The Chili Bowl Midget Nationals is always a fine time to remind everyone just who JJ Yeley is.
If you only watch the NASCAR Cup Series, you know Yeley as a guy that got a shot to drive the Joe Gibbs Racing No. 18 when Bobby Labonte departed but just didn’t immediately have the run of success expected from that organization.
From there, he has been a journeyman who usually races out of the other side of the garage, which is not a reflection of the natural talent level and resume.
Before all of that, Yeley was one of the absolute most accomplished racers in the history of USAC open-wheel dirt racing with numerous records that still stand two decades later.
He even had a brief Indy Racing League stint in 1998 that gave his the first little bit of mainstream exposure.
Consider that Yeley accomplished something in 2003 that only Tony Stewart had done in winning all three USAC championships in a single season. His record 24 wins across Sprint Cars, Midgets and Champ Cars still holds true.
Logan Seavey for example won two of the three championships, in addition to Chili Bowl and a USAC 4-Crown Nationals sweep, and it’s considered one of the best seasons in recent memory. Yeley blew that season out of the water.
In a different racing climate, Yeley would be looked at like Kyle Larson or Christopher Bell. And to that point, Gibbs signed Yeley expecting another Tony Stewart but the success didn’t immediately come and Yeley only got two Cup seasons before the organization moved on.
“It was a tough transition no matter what because I was a little bit older and obviously my pavement experience was very limited when I became a NASCAR driver,” Yeley said of his age 29 and 30 seasons. “I had a lot of success in the Busch Series but it was a big ask to jump to Cup when I had just started to figure out the nuances of a Stock Car.
“Not having three or four years to have that opportunity, made it tough.”
Yeley said his post-Gibbs career was a ‘fight for my life,’ just to continue making a living driving race cars.
“It was a very humbling experience and I was so grateful just to be given that opportunity but in hindsight, I should have spoken up more. I didn’t fight to find something that was a better fit.
“Looking back, Denny (Hamlin) went through five or six different crew chiefs, in Busch and Cup, pushing for ways to make him better. I was so content and happy to just be there, that it was probably shame on me for not forcing them to find something that might have been a better fit or would have helped me learn.”
Again, in a different climate, a guy like Yeley would be in huge demand to drive a winged car in either World of Outlaws or High Limit Racing. He could make a decent living racing USAC like a Justin Grant, Kody Swanson or Thomas Meseraull.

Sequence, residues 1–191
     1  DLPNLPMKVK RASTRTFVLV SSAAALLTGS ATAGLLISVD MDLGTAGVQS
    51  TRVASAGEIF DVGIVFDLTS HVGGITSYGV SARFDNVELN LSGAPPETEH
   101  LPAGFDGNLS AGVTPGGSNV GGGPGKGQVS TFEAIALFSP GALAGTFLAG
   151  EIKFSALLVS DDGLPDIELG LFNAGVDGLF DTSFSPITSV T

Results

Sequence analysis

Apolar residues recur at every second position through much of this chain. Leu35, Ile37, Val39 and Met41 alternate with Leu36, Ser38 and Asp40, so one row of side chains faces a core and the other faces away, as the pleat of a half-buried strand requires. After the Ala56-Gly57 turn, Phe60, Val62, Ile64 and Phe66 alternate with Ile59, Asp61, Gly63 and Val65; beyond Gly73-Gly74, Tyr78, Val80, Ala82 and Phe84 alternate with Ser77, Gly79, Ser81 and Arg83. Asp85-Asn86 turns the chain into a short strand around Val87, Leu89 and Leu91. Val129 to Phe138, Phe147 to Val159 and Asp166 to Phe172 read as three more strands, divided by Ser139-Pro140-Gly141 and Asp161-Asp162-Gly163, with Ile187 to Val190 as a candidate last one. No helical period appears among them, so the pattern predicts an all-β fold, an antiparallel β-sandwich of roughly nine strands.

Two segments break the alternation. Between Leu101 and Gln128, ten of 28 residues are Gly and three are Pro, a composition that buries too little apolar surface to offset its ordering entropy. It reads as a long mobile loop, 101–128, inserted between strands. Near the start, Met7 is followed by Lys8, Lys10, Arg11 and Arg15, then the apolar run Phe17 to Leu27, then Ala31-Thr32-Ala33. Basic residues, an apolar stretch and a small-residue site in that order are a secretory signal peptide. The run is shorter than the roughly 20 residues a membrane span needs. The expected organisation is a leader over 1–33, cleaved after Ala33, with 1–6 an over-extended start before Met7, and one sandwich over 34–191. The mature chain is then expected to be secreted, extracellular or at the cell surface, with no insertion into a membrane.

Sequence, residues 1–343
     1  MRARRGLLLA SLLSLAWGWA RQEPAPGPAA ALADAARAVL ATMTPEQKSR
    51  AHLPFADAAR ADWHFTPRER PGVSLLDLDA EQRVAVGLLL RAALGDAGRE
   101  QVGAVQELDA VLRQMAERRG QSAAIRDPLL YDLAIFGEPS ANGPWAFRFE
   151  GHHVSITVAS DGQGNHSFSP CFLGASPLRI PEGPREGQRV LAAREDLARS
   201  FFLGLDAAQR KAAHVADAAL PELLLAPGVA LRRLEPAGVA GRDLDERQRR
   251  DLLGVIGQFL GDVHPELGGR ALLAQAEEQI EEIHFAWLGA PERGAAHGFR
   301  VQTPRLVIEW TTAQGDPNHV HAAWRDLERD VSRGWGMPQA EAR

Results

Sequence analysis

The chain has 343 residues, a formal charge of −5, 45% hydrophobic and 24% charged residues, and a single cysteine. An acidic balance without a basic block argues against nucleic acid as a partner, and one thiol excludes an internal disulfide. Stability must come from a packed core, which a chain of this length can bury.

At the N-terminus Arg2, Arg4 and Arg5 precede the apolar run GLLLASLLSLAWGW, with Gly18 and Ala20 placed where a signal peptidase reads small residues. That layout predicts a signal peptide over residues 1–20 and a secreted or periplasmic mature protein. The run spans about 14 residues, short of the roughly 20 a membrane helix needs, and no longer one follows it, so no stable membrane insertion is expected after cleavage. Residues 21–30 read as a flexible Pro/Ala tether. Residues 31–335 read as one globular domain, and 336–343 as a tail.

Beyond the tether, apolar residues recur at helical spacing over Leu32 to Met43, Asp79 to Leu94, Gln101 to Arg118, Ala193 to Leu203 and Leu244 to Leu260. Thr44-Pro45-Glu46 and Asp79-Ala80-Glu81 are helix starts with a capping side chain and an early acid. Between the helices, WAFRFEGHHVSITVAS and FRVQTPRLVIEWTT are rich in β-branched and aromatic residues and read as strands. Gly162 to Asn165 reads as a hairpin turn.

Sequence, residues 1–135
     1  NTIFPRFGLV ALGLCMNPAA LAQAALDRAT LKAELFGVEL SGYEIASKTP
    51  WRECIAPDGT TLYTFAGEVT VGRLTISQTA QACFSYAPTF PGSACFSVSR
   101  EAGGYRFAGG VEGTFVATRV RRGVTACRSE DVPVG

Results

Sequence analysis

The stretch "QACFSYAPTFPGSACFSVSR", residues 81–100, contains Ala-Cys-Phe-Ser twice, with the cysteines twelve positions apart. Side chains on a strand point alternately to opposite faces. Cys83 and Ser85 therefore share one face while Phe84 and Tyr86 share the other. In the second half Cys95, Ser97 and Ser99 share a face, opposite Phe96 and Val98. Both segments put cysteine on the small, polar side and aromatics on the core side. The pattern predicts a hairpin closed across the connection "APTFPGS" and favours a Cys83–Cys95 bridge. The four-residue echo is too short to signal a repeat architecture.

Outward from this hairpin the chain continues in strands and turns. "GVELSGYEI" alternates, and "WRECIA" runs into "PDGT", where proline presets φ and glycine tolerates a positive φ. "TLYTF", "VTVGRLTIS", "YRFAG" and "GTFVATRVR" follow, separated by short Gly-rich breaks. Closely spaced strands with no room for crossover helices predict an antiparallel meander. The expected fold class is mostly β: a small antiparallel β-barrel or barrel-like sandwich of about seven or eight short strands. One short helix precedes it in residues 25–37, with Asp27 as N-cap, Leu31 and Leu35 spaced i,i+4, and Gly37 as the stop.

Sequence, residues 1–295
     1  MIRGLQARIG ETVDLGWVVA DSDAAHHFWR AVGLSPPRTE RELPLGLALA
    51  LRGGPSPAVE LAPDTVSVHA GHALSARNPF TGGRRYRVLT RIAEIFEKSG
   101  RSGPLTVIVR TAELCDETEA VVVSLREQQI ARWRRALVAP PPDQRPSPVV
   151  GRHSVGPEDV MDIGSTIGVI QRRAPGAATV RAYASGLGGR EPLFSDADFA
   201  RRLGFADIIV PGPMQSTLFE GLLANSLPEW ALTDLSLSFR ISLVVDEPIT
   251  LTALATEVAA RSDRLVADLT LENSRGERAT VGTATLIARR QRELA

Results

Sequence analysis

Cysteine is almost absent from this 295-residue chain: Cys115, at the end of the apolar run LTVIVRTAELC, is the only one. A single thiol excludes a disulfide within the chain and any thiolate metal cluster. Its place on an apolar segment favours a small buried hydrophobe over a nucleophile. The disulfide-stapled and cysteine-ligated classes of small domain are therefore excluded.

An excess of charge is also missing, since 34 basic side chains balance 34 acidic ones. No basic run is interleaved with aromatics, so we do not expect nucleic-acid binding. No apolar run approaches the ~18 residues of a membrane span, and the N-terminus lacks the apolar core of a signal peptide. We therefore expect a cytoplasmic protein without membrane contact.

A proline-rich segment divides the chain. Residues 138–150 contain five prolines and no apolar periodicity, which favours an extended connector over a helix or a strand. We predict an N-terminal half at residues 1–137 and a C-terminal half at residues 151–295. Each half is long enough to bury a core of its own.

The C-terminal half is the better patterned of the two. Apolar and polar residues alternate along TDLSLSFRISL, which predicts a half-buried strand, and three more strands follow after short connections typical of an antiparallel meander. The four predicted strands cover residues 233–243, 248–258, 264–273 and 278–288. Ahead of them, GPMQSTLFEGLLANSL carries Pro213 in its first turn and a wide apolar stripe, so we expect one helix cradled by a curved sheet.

Every USAC race airs on FloRacing and has a good mainstream following and winged racing is really exploding in popularity.
But for Yeley, in the late 2000s, he had already won all the championships and most of the prestigious races so how could he say no to an ABC program with Gibbs?
He has no regrets.
“No, none at all because when I left USAC to go do NASCAR, I had already accomplished everything I could, you know what I mean,” he said. “I still have all those records, 20 years later, but it doesn’t do me any good. It doesn’t pay the bills or buy me coffee or Chipotle.
“That era where I was so successful, social media wasn’t a thing and everything I did just didn’t receive the attention the kids today get. People had to wait for Speed Sport News to come in the mail.”
Yeley gets to channel that period of his life every offseason though.
He is very hands on with his Chili Bowl program, builds his own cars, and is the crew chief of his own program even if he surrounds himself with great chassis builders like a Flea Ruzic. And because Yeley has made a good living driving NASCAR over the past 20 years, it allows him to go play in Tulsa and occasional make some noise too.
“Being a part of Flea’s program is super helpful because I come in and run two or three races against kids that run like 50 a year but he doesn’t race as much as everyone else here either,” Yeley said. “And Midgets are finicky man. Practice, we spent all day trying to figure out why I dropped a cylinder. We changed plug wires, plugs and trying to chase engine gremlins.”
He then was involved in two crashes in his prelim night on Thursday. It goes that way sometimes in Chili Bowl but this is his idea of a good time, tinkering with a car, and just racing purely for the fun of it.
And fun is what Yeley hopes to have more of next season on the NASCAR side. He will not be back in Cup with Rick Ware Racing and will instead be in the Xfinity Series with a program that he believes will allow him to challenge for the occasional top-10.
That might not sound like much, but that’s the closet Yeley will have been to the front in a long time and that gives him a lot of excitement.
“I don’t have to be a Cup Series driver to make myself feel good or accomplished or anything,” Yeley said. “I just want to go to the race track, compete and feel competitive and get the most out of whatever the equipment is.
“If that’s a solid top-10, I want to be in that position. To be more competitive has a price tag. I want to be in that position more but you have to have the resources and money and it’s very tough because there is so much money being spent in motorsports right now.”
Yeley is also excited to race a platform that has a lot of excitement around it right now after only making four starts there in 2023.
“You can make up for the equipment more in that series, aero wise in ways that you just can’t in the Cup Series with how aero dependent they are,” he said. “There are going to be tracks that with my experience, I really feel like I can make a difference and be competitive at.
“At this stage of my career, I wouldn’t do it unless I felt that way.”
Matt Weaver is a Motorsports Insider for Sportsnaut. Follow him on Twitter.